Docker in Docker for Jenkins

If  Jenkins is running inside a Docker container and the CI build is setup to create Docker images, you have to find a way how to use Docker inside Docker. Indeed, there exists such a way to run Docker-in-Docker as described here. However, the primary purpose of this mechanism was the help with development of Docker itself. Although this Docker-in-Docker mechanism generates many problems which are listed in this blog, it is often abused to run a CI inside a container that creates Docker images.

A better way to miles is to run Docker inside Docker by bind-mounting the Docker socket of the Docker host into the Docker Jenkins container. This can be achieved by installing Docker binaries into the Jenkins container and then mapping the Docker socket as volume from the Docker host to the Jenkins container.

First of all, we need to have a Jenkins Docker image. Therefore, I created the Dockerfile shown below. It comprises a couple of useful tools and Jenkins itself. Furthermore, it installs the Docker binaries, docker-compose and docker-machine. The latter two are not really needed here, but I added them for completeness.


FROM renewinkler/ubuntu-oraclejdk:8
ENV DOCKER_VERSION 1.12.0
ENV DOCKER_COMPOSE_VERSION 1.8.0
ENV DOCKER_MACHINE_VERSION 0.8.0
# tools
RUN apt-get update -qq && apt-get install -qq curl wget git subversion nano nodejs npm iputils-ping && apt-get clean
# Maven
RUN curl -sf -o /opt/apache-maven-bin.tar.gz http://archive.apache.org/dist/maven/maven-3/3.3.9/binaries/apache-maven-3.3.9-bin.tar.gz; \
tar xzf /opt/apache-maven-bin.tar.gz -C /opt/; \
rm /opt/apache-maven-bin.tar.gz; \
ln -s /opt/apache-maven-3.3.9 /opt/maven
ENV MAVEN_HOME /opt/maven
#Docker bins
WORKDIR /home/toolbox/
RUN curl -L -o /tmp/docker-latest.tgz https://get.docker.com/builds/Linux/x86_64/docker-${DOCKER_VERSION}.tgz && \
tar -xvzf /tmp/docker-latest.tgz && \
mv docker/* /usr/bin/
#Docker compose
RUN curl -L https://github.com/docker/compose/releases/download/1.8.0/docker-compose-`uname -s`-`uname -m` > /usr/local/bin/docker-compose && \
chmod +x /usr/local/bin/docker-compose
#Docker machine
RUN curl -L https://github.com/docker/machine/releases/download/v${DOCKER_MACHINE_VERSION}/docker-machine-`uname -s`-`uname -m` > /usr/local/bin/docker-machine && \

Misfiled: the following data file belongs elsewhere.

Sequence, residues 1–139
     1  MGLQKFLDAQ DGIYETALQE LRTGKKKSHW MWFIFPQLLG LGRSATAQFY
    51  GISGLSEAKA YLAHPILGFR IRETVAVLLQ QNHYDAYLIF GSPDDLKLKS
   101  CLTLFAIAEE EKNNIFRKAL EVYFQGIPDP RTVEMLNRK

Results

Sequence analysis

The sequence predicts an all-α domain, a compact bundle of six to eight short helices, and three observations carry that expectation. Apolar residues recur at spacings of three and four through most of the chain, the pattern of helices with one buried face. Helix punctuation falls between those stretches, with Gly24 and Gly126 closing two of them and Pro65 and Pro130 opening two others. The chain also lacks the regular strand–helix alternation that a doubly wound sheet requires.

chmod +x /usr/local/bin/docker-machine
# Jenkins
ENV JENKINS_HOME /opt/jenkins
ENV JENKINS_MIRROR http://mirrors.jenkins-ci.org
RUN mkdir -p $JENKINS_HOME
RUN curl -sf -o /opt/jenkins/jenkins.war -L $JENKINS_MIRROR/war/latest/jenkins.war
RUN mkdir -p $JENKINS_HOME/plugins; for plugin in greenballs; \
do curl -sf -o $JENKINS_HOME/plugins/${plugin}.hpi -L $JENKINS_MIRROR/plugins/${plugin}/latest/${plugin}.hpi; done
VOLUME $JENKINS_HOME/data
WORKDIR $JENKINS_HOME
EXPOSE 8080
CMD [ "java", "-jar", "jenkins.war" ]

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Dockerfile

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Once the image is built, it can be started. In this step the Docker socket of the Docker host has to be bind-mounted by the -v flag via /var/run/docker.sock:/var/run/docker.sock. The volume instruction from within a Dockerfile doesn’t allow to do a host mount. We just can do this from a Docker run command. This is the reason why this volume mapping is not done in the Dockerfile directly. Simply put, when you start the container, start it as follows:

docker run -itd —-name jenkins -p 8080:8080 -v /var/run/docker.sock:/var/run/docker.sock renewinkler/jenkins-oraclejdk

That’s basically all. If you enter the container and type e.g. ‚docker images‘ you should see all images of your Docker host.

Lastly, I want to demonstrate a way how to create a Docker image in a Jenkins build. For this purpose, there exist several maven plugins. One of the better is the maven-plugin-docker from Spotify. There also exist the maven Docker plugin of fabric8 which is great too. I configured the former plugin in my maven build as follows:


<plugin>
<groupId>com.spotify</groupId>
<artifactId>docker-maven-plugin</artifactId>
<version>0.4.11</version>
<executions>
<execution>
<id>build-image</id>
<phase>package</phase>
<goals>
<goal>build</goal>
</goals>
</execution>
<execution>
<id>push-image</id>
<phase>deploy</phase>
<goals>
<goal>push</goal>
</goals>
<configuration>
<imageName>registry.example.com/app_name:${project.version}</imageName>
</configuration>
</execution>
</executions>
<configuration>
<imageName>app_name</imageName>
<imageTags>
<imageTag>${project.version}</imageTag>
<imageTag>latest</imageTag>
</imageTags>
<baseImage>java:8</baseImage>
<entryPoint>["java", "-jar", "/${project.build.finalName}.jar"]</entryPoint>
<!– copy the service's jar file from target into the root directory of the image –>
<resources>
<resource>
<targetPath>/</targetPath>
<directory>${project.build.directory}</directory>
<include>${project.build.finalName}.jar</include>
</resource>
</resources>
</configuration>
</plugin>

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pom.xml

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The plugin is bind to the package phase which builds the image as well as to the deploy phase which pushes the image to the configured registry. The built images is based on the java:8 base image and two tags latest and current project version are created. The generated jar file of my application will be the entrypoint of the image. As soon as the build mvn clean install is finished, a newly generated Docker image should be visible in the local Docker host registry.

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